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Newsletter #9
January 1, 2018
NEUROPLASTICITY:
Inspiration & Hope

          I just finished reading the wonderful new book by Dr. Norman Doidge called  “The Brain’s Way of Healing.”  It follows up his ground-breaking book  “The Brain That Changes Itself” with the latest research in the field of neuroplasticity and I was enthralled with this information.
For many years, the medical profession has viewed injury to the brain and to the nervous system as basically irreparable damage. Patients with traumatic brain injury, stroke, MS, Parkinson’s disease and Alzheimer’s disease were given little hope that they could recover, or improve, once the diagnosis had been made. For those with chronic inflammatory illnesses such as Lyme disease with its coinfections and mold toxicity, those who presented with pseudoseizures, dyskinesias and even cognitive impairment were often told that they would have to learn to live with it.
However, our experience with treating chronic inflammatory illnesses did not gibe with this idea: the vast majority of patients who recovered from Lyme disease and mold toxicity usually had complete recovery of their cognitive abilities and complete healing of their neurological complications.To me, this seemed to clear up the basic question of whether or not the nervous system had been damaged, or simply inflamed by the underlying cause. If there had been damage, I reasoned, you would not see the complete and rapid recovery that we see in most of our patients as they get well, so this must be simply inflammation. Dr. Doidge raises another possibility now, which is that the nervous system and brain are capable of finding new pathways and alternative neurological networks to restore normal function and this process of healing can take place rapidly, once the proper stimuli are introduced. From the patient’s perspective, I’m not sure it makes much difference which (or both) of these hypotheses is correct: the bottom line is that the possibilities for healing the nervous system are enormous and that we should be excited about all of the new methods that are currently in development.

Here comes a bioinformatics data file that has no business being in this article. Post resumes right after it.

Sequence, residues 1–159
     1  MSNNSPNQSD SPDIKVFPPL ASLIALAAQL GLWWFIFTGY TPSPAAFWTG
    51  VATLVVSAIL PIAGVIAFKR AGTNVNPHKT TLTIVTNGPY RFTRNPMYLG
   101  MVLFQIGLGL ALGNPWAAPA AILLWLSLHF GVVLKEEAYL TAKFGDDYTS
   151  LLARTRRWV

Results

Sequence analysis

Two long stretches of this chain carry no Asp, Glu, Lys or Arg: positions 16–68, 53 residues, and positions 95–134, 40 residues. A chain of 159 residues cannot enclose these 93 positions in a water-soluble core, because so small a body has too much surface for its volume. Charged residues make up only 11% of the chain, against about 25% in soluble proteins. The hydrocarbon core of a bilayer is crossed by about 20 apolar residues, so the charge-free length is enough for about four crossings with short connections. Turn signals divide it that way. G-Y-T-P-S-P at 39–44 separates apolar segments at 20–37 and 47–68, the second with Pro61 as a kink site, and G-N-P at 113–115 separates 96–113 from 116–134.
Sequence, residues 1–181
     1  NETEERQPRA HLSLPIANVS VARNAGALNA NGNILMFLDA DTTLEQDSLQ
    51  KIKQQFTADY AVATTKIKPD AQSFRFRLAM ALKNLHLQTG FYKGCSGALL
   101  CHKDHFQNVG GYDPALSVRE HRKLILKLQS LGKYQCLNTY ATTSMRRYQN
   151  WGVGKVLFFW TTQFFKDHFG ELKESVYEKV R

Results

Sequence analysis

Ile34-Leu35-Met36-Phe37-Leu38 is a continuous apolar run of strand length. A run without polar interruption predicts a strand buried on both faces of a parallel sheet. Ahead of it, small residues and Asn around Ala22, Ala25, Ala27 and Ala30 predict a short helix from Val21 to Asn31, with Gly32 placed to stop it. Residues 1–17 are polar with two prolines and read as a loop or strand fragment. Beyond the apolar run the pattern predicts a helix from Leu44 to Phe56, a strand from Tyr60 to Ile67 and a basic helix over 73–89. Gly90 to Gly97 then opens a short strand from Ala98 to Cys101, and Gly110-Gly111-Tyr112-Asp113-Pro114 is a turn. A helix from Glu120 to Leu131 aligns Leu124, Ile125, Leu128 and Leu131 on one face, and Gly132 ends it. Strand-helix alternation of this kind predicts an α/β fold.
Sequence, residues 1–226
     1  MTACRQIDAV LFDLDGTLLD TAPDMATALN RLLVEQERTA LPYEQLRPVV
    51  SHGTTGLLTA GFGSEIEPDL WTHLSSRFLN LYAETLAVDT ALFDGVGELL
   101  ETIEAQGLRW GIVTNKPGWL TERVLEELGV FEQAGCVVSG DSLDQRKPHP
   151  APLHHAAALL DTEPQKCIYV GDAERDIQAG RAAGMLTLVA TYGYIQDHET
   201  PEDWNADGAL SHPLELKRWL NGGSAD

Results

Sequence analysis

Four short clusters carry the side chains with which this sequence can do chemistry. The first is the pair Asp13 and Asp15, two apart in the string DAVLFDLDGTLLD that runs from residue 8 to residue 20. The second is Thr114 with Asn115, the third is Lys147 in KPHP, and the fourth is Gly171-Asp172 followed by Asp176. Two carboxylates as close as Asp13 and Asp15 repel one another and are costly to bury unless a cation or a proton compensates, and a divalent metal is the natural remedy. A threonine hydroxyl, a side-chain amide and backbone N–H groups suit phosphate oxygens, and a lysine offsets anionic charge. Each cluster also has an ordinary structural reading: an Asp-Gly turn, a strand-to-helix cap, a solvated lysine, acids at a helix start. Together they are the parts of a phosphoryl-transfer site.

Dr. Doidge focuses on several well-developed methods of stimulating the brain to heal. These include visualizations, the use of a variety of stimuli including specific wavelengths of light, and sound and electrical frequencies He includes many patient presentations, which he personally reviewed in detail, to help us to see what is possible.